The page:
Pixabay: Comfreak

A lot of research has been emerging about how much time we spend scrolling through our social media feed at the expense of doing more productive things like reading books.

Charles Chu wrote about how easy it can be to read 200 books a year.

An average reader reads 200-400 words per minute and an average non-fiction book has 50,000 words, which means that it would take 417 hours in a year to read 200 books. That’s only 17 to 18 days. Sure, you are going to think: “No way, I don’t even have the time to breathe, how can I possibly find the time to read 200 books?” Well, considering that an average US citizen spends 608 hours on social media and 1642 hours on TV every year, we could actually read 1,000 books a year… Makes you think, doesn’t it?

It’s not just about wasting precious time though. Cal Newport talks about ‘deep work’, the ability to work on demanding tasks without getting distracted. Most of us are losing this ability because we are not challenging our brains anymore.

Social media platforms are not only affecting our sense of reality and impacting our mental health, but they are also damaging our capacity to concentrate.

In this day and age, whilst working, many of us take one of those famous “breaks” every 20 minutes to go on social media. This can be much more damaging than you think. Cal Newport, author of the book ‘Deep Work: Rules for Focused Success in a Distracted World’, explains that whenever you are doing something and then switch to another task, your attention doesn’t follow right away.

A part of it stays on your original task, meaning that when you take one of these breaks, your brain stays focused on your work for some time and your productivity goes to waste. When you finally decide to stop your break and go back to work, some of your attention stays focused on what you saw on your social media feed, which will automatically affect your performance.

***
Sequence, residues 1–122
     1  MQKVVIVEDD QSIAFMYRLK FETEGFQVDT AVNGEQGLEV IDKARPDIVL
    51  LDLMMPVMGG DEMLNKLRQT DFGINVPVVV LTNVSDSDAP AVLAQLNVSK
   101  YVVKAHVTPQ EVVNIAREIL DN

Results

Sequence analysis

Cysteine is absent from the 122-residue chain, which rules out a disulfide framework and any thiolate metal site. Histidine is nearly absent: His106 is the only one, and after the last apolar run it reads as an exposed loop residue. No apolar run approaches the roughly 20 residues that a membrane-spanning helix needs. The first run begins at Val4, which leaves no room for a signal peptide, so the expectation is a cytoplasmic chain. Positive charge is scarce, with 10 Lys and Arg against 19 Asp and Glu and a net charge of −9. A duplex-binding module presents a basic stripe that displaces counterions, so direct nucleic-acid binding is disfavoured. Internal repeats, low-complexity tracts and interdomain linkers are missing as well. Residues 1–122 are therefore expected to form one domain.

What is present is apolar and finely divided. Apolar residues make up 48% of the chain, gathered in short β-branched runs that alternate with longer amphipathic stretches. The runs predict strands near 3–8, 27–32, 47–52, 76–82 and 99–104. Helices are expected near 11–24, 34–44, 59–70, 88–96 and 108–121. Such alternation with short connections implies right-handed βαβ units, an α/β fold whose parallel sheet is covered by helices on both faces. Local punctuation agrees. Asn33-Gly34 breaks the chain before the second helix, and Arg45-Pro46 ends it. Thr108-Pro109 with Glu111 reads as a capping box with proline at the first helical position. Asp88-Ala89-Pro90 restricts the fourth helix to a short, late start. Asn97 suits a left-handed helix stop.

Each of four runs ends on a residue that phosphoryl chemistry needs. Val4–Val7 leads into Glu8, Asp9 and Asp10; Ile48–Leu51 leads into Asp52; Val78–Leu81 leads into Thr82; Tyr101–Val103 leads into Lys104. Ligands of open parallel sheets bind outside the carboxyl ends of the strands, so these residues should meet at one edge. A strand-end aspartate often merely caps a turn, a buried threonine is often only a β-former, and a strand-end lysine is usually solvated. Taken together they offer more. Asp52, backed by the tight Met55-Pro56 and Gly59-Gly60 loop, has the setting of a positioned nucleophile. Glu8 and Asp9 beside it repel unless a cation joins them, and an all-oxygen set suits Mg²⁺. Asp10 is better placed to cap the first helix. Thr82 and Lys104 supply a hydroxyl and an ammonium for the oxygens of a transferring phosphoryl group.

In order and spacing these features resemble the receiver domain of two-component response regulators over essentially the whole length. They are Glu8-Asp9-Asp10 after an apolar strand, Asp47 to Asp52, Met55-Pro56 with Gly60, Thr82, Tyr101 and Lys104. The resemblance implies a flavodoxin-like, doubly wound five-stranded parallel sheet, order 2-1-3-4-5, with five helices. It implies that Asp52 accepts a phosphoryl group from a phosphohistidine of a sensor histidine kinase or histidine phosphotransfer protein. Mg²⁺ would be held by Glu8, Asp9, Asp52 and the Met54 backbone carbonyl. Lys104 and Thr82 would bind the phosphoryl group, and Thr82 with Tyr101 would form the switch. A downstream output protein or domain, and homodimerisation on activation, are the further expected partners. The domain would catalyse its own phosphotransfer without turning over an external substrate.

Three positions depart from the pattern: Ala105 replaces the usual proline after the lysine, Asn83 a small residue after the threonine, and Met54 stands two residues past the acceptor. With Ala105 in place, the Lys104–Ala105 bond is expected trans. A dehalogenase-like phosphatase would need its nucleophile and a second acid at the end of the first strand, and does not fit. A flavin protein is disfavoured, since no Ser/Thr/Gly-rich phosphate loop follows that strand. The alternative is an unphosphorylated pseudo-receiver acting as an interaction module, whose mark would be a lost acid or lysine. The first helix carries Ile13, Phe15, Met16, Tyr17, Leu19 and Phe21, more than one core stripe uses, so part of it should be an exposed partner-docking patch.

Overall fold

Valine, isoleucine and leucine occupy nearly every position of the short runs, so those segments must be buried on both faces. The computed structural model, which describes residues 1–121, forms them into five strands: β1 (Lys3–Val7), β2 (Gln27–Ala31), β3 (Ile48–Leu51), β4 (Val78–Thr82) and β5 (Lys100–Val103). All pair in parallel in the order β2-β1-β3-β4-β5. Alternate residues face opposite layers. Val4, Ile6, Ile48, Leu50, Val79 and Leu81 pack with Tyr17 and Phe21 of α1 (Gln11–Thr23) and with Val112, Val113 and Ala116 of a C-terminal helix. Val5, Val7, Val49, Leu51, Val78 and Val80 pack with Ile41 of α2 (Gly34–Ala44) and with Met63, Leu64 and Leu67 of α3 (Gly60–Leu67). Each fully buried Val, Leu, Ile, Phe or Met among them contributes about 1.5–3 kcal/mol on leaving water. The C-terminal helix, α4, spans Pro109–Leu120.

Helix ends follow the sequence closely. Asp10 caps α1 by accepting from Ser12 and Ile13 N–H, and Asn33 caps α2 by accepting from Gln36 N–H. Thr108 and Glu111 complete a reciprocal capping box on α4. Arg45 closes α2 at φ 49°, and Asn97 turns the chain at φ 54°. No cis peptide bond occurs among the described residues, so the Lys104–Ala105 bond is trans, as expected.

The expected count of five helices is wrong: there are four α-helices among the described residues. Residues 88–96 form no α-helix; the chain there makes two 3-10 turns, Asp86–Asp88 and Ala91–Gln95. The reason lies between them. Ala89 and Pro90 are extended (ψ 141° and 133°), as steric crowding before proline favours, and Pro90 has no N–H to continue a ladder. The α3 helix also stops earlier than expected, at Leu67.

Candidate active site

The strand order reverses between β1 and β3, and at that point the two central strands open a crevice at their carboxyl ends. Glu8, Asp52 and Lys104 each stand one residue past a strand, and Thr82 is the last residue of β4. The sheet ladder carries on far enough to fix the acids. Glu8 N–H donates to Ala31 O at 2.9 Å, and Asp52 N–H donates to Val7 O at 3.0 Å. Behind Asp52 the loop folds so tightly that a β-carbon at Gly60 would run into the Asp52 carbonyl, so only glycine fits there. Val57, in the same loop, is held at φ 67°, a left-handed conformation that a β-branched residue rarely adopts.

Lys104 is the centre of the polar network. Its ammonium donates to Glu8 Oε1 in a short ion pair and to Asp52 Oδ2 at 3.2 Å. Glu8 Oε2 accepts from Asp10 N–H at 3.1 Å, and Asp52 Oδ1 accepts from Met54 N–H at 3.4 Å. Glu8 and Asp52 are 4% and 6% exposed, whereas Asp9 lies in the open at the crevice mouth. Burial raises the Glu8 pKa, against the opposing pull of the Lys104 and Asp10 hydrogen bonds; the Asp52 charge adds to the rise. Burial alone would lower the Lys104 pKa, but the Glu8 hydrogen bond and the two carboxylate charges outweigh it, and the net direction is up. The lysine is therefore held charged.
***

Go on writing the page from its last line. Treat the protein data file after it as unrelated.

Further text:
The same goes for a simple thing as reading a book. How many times has it happened to you that between one page and the other of the book you are reading, you decide to check your social media?

And once you go back to reading the book, has it ever happened to you that you had to read the same sentence/paragraph twice, three or four times to get back into it? That’s because part of your attention was still on what you were doing before, be it watching wedding proposals, puppy videos, soldiers returning home, stalking a friend’s Facebook page and so on.

If this is how you always do things, you are basically functioning in a constant state of semi-distraction, which inevitably affects how fast and well you do your work. The author of the self-help book explains that there is a way to fight this and to be able to ‘work deeply’. All you have to do is follow four simple rules:

  1. Work deeply
  2. Embrace boredom
  3. Quit social media
  4. Drain the shallows (cut out distractions and focus on important tasks)

There are ways to help you take each one of those steps, but we most certainly wouldn’t want to spoil you the fun of reading the book. It will perhaps be book number 1 of your 200 books this year!

For info on how to reduce digital distractions and focus your mind see these 6 steps